CAPSULE: PORTRAIT OF JENNIE (1948)

Where I come from
Nobody knows
And where I am going
Everyone goes.
– Young Jennie (Jennifer Jones)

DIRECTED BY: William Dieterle

FEATURING: , , Ethel Barrymore,

PLOT: A struggling painter has an artistic breakthrough when he meets a precocious girl whose very presence seems supernatural.

Still from Portrait of Jennie (1948)

WHY IT WON’T MAKE THE LIST: Jennie has unusually fantastic subject matter for its time, and uses novel visual techniques to set a mood. However, the supernatural twist is an end to itself, the tone is reverential to the point of pretentiousness, and ultimately its gimmicks are not enough to shake off the slow pace and lack of real heat.

COMMENTS: Many a romance has been driven by the efforts of a pair of lovers to overcome some major obstacle to their destined love. There’s a subset of said films where the obstacle is time itself, a group large enough to be recognized as its own subgenre. Portrait of Jennie is an early iteration of these tales, a story of an artist whose muse (and love interest) comes to him from across the boundaries of time.

Audiences today are well-versed in this kind of fantasy premise. Clearly, this was not the case in 1948, as the film carefully walks its protagonist through a full investigation into the mystery of Jennie, a young girl who magically appears one evening in Central Park to inspire the artist and returns several times, significantly older on each occasion. The script— five separate screenwriters were tasked with wrestling the story into cinematic form—takes great pains to explain how the charming young lady we meet could actually have come from decades in the past. (The movie is less concerned with why Jennie is making these occasional skips forward; it’s just simply where she’s supposed to be).

Portrait of Jennie’s flirtation with weirdness takes two forms. The first is in style, with director William Dieterle and cinematographer Joseph August employing a number of tricks to create an unsettled, fantastic atmosphere. Establishing shots are often treated with a filter to create the impression of a painted canvas, alluding to both the hero’s profession and to the way in which art traps a moment in time. Jennie herself is frequently filmed emerging from or disappearing into bright light, accentuating her role as an angel from beyond. Most noteworthy are the filmmakers’ experiments with color. While mostly monochromatic, Jennie plays with tinting deep into the third act, bathing the screen in the angry green of a cataclysmic storm and a warm amber sepia for its aftermath. And of course, the final shot revealing the painter’s masterwork is presented in vibrant three-strip Technicolor.

But to what end? Seeing the portrait in full color puts an exclamation point at the end of the tale, and is a strikingly beautiful image, but it feels more like it is supposed to be laden with meaning, rather than actually being menaingful. It’s in keeping with the film’s other weird element: the strangely foreboding tone of the entire production, which can almost certainly be laid at the feet of producer David O. Selznick. The Gone with the Wind producer presumably could have coasted on the reputation of that film for the rest of his career. Instead, he pursued the twin goals of outdoing one of the biggest movies in history while simultaneously striving to make a screen legend out of his infatuation, actress Jennifer Jones, cast here as the pure and captivating object of painter Joseph Cotten’s affection.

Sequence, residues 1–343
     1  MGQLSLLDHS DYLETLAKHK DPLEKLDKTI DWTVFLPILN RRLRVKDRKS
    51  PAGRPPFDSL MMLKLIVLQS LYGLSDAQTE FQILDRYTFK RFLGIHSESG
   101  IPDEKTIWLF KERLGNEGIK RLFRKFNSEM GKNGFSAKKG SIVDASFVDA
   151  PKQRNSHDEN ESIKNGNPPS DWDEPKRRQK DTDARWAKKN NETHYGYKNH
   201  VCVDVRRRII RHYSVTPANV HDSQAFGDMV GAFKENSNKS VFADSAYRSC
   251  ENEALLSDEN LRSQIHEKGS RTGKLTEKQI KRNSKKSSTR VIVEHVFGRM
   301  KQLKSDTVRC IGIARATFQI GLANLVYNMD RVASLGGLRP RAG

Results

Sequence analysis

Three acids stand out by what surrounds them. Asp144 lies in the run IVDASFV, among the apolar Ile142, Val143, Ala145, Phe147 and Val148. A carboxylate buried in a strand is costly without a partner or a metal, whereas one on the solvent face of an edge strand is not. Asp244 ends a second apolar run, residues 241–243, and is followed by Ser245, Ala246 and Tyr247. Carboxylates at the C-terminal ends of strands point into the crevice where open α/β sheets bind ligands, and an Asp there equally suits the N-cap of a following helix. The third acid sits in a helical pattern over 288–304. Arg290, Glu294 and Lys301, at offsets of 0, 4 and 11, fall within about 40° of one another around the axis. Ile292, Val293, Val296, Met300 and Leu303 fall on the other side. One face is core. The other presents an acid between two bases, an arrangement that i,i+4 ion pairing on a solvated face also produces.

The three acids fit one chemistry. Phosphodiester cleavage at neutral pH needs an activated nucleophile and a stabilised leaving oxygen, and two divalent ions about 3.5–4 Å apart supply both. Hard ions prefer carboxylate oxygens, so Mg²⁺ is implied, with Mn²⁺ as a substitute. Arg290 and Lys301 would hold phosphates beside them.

Selznick clearly felt he was working with an epic story; the film opens with a literal God’s-eye view of New York, as an imposing narrator offers quotations from both Euripides and John Keats to set the mood. Selznick insisted on location shooting throughout, driving up production costs. The actors tend toward recitations that treat the dialogue as sacred text, particularly Jones, who—while not an especially convincing 12-year old—navigates the difficult feat of switching from precocious youngster to representative of humankind-confronting-the-awesome-power-of-the-Supreme and back. The leads talk at length about how theirs is a romance for the ages.

It all adds up to a movie that deems itself “important,” which it ultimately is not, and the movie knows it. Consider the barely connected plotline of Cotten’s commission to paint a mural in an Irish pub. Evidently, these scenes were shoehorned in to capitalize on the public’s affection for actors David Wayne and Alfred Moore, who had similar interplay in the Broadway hit Finian’s Rainbow. Similar are lengthy scenes with Ethel Barrymore as a wise gallery owner and Lillian Gish providing exposition as a nun with a strong connection to the mysterious girl. They are charming and provide valuable exposition, but help mainly to explain the story’s weight, rather than giving us a chance to feel it. With a running time of less than 90 minutes, the film still manages to feel padded.

Portrait of Jennie is definitely a curiosity when compared with the traditional Hollywood product of the day. However, it’s ambition far exceeds the story’s ability to carry it.

TRIVIA:

As of 2014, the actual “Portrait of Jennie,” painted by Robert Brackman, was on display at the Norton Simon Museum in Pasadena. That museum’s chairman of the board was Simon’s wife: Jennifer Jones.

WHAT THE CRITICS SAY:

“It may not be realistic, as he investigates the mystery of what happened to Jennie at that lighthouse years before and tries to prevent it from happening again, and then at the drop of a dime try to woo what is essentially thin air, but what it is is weird, and in an era like the ‘40s when clichéd melodramas and dull romances were being churned out to theaters by the dozens, weird is good.”–Nick Simon, “Simon’s Film Related Rants and Musings” (DVD)

 

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